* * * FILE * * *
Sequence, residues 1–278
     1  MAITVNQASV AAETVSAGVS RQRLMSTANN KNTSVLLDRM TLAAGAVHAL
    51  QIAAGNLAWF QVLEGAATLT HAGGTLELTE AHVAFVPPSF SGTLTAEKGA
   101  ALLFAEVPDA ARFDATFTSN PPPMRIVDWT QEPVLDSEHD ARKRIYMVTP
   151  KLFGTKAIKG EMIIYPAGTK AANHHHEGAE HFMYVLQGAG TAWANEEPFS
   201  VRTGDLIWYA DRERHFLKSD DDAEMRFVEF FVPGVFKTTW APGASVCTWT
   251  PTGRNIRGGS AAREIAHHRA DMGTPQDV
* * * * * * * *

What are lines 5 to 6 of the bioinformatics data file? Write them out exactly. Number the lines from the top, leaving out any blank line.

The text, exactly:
   151  KLFGTKAIKG EMIIYPAGTK AANHHHEGAE HFMYVLQGAG TAWANEEPFS
   201  VRTGDLIWYA DRERHFLKSD DDAEMRFVEF FVPGVFKTTW APGASVCTWT